“The great news for us is that Maker’s 46 seems to be just enhancing the overall Maker’s franchise,” he says. “Our base Maker’s had a terrific year and it certainly appears that [Maker’s 46] is virtually entirely incremental to our business, which is fantastic for our purposes.”

In addition to its flagship brands, Beam Global also maintains a portfolio of small batch bourbons, including its Knob Creek brand. Knob Creek is a small batch bourbon that is aged for nine years. Last month, the company released Knob Creek Single Barrel Reserve, which is based on the results from individual barrels for varying characteristics in each bottle. The Single Barrel Reserve is a full-flavored product that is considered the pinnacle of Beam Global’s bourbon collection, Newlands says.

Knob Creek Single Barrel Reserve is a new entry for the brand, said Fred Noe Sr., Jim Beam and small batch distiller, at Beam Global’s “Spirits: Confidential” event in Chicago last month. His father and former Master Distiller Booker Noe would not release a single barrel product because he aimed for consistency, Noe explained. However, Noe, who became the seventh generation Beam family distiller in 2007, believed in the value of releasing a product in which every bottle is a little bit different. Similar to Maker’s 46, Single Barrel Reserve is not anticipated to replace Knob Creek, instead Noe described it as “a first cousin or a brother.”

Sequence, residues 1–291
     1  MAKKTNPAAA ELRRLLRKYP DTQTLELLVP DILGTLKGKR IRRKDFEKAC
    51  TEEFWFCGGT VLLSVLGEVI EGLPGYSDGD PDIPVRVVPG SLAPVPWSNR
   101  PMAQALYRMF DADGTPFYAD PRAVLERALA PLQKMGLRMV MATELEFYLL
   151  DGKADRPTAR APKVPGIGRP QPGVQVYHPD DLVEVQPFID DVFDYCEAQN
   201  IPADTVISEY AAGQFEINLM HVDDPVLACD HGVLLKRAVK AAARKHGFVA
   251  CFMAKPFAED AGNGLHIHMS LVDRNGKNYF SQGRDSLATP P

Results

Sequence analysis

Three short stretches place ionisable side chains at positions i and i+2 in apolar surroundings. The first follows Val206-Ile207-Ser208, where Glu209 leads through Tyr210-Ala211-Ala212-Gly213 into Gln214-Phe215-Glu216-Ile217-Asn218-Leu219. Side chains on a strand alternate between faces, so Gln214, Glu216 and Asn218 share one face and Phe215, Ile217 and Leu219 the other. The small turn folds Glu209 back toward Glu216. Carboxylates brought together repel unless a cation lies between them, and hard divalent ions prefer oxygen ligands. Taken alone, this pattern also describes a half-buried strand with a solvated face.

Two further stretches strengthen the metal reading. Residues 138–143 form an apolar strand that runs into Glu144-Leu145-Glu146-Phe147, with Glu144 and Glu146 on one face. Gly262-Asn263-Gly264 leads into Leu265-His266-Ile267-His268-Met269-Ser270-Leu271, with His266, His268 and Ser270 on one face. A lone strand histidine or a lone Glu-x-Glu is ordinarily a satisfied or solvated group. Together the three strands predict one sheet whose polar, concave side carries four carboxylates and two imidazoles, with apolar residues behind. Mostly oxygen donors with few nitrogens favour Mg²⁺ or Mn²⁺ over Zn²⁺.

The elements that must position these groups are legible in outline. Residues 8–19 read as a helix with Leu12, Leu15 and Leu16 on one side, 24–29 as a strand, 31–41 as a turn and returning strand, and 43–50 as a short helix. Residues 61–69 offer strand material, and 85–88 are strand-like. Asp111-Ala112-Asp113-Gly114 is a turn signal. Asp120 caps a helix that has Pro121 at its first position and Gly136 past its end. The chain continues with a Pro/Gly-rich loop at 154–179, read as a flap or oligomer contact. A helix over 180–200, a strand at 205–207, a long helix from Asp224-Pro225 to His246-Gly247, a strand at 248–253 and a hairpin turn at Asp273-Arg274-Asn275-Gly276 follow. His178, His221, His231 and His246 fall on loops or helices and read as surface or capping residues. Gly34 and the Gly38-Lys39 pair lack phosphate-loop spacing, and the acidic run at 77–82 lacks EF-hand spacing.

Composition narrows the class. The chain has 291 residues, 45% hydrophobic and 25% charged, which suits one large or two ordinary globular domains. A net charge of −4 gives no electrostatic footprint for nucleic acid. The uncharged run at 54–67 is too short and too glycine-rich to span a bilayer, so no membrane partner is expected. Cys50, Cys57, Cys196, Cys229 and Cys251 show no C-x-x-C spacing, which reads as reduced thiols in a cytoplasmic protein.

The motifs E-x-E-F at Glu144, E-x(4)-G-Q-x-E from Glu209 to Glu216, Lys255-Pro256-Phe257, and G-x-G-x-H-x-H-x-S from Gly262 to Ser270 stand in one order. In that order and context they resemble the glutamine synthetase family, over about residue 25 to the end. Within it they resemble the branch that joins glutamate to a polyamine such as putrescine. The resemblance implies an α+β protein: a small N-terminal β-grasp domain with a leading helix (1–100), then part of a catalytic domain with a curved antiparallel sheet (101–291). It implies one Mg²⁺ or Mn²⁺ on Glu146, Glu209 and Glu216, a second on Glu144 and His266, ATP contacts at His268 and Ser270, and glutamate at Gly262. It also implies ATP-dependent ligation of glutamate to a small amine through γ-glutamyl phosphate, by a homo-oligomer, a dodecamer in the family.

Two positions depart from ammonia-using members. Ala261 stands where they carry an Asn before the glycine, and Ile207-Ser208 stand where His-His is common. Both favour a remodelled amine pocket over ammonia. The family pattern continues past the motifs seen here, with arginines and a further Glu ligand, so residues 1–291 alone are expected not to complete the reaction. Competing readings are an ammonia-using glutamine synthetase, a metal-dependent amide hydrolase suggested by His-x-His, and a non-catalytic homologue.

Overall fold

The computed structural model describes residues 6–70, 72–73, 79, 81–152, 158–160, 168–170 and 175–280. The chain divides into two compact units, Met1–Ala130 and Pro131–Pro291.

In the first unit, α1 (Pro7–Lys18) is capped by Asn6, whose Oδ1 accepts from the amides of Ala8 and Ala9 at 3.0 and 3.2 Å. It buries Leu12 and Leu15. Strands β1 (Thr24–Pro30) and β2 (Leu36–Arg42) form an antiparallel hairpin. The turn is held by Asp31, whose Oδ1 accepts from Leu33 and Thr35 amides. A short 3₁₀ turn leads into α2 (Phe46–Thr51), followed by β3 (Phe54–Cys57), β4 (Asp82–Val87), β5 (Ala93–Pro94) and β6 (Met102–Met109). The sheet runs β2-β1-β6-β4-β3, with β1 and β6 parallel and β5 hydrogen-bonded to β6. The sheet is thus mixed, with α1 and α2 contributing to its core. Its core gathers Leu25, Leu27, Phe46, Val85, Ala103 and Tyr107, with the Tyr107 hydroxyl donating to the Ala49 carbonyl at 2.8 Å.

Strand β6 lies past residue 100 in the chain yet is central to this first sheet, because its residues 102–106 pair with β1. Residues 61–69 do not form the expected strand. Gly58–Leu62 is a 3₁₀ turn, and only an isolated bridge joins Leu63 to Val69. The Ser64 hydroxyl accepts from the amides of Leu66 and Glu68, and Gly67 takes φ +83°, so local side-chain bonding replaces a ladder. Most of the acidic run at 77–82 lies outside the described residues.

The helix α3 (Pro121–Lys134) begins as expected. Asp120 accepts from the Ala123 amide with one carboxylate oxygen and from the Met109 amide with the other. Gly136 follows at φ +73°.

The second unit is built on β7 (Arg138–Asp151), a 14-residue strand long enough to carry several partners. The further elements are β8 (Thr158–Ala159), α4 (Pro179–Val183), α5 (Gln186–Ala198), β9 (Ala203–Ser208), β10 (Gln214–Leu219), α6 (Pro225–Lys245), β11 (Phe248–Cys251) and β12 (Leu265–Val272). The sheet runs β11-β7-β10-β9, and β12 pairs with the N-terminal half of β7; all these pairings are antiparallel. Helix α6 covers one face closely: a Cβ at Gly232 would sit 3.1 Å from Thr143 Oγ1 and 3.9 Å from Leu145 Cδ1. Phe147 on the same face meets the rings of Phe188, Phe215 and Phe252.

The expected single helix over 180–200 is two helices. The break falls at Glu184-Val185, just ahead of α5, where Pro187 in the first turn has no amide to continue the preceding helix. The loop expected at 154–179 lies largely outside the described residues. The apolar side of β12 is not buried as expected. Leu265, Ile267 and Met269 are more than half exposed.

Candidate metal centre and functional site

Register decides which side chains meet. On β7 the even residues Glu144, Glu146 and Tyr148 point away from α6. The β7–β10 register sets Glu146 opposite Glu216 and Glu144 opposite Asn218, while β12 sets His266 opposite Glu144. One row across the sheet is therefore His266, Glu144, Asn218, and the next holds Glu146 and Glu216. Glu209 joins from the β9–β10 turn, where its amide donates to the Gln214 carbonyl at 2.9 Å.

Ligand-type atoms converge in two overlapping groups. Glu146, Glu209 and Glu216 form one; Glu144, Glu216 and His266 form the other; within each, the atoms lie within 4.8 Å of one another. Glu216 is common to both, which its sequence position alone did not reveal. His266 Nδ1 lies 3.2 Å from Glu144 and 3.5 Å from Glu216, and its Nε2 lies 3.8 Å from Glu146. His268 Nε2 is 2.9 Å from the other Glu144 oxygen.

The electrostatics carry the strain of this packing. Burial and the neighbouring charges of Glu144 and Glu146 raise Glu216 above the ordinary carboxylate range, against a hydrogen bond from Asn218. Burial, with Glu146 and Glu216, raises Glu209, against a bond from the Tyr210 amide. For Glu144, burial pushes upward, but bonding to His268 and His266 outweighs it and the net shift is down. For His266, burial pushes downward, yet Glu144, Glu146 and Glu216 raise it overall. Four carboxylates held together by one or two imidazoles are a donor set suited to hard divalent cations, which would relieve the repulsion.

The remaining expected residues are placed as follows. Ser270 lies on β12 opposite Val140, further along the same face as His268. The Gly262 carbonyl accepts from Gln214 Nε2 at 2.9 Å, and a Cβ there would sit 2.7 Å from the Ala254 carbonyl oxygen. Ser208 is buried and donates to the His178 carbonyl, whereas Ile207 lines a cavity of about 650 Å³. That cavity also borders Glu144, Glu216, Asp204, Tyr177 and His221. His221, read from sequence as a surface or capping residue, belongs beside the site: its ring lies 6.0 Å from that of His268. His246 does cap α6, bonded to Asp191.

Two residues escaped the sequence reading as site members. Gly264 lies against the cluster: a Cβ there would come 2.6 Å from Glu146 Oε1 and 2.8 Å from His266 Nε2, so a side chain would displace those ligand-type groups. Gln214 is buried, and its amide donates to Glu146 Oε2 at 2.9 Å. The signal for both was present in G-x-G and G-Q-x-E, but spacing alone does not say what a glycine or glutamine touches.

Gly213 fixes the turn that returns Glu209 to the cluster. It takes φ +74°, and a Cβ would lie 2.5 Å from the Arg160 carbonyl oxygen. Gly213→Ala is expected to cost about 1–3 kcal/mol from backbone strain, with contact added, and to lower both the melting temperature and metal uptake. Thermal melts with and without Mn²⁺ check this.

Innovation engine
Beam Global’s new initiatives are not limited to the bourbon category and the company follows a standard process for new product development, Newlands says.

“The ideas can come from any number of places, a lot of things bubble up from the employee population, that’s where Red Stag came from, interestingly enough,” he says. “We put ideas through a fairly rigorous process that includes consumer testing to make sure that the look, feel and taste of an individual new product meets the goals that we would have for it and is enhancing both from a liquid as well as the brand image perspective.”

Last year, the company added Cruzan 9 spiced rum to its Cruzan portfolio. The variety capitalizes on the growth of the spiced rum segment by enhancing the inherent quality of Cruzan liquid with nine all-natural spices, Newlands says. The company shipped the amount it had planned for the year in the first two months of Cruzan 9’s availability, he says. It also ties in with an unintentional new product trend.

“We joke that we’ve gotten a bit tied into numbers here because we did Cruzan 9, and that did very well,” Newlands says. “We’ve done Maker’s 46. We introduced Courvoisier 12 and 21.”

Bringing a new element into the cognac category, Beam Global developed Courvoisier 12 and 21, which are each aged offerings of the cognac brand.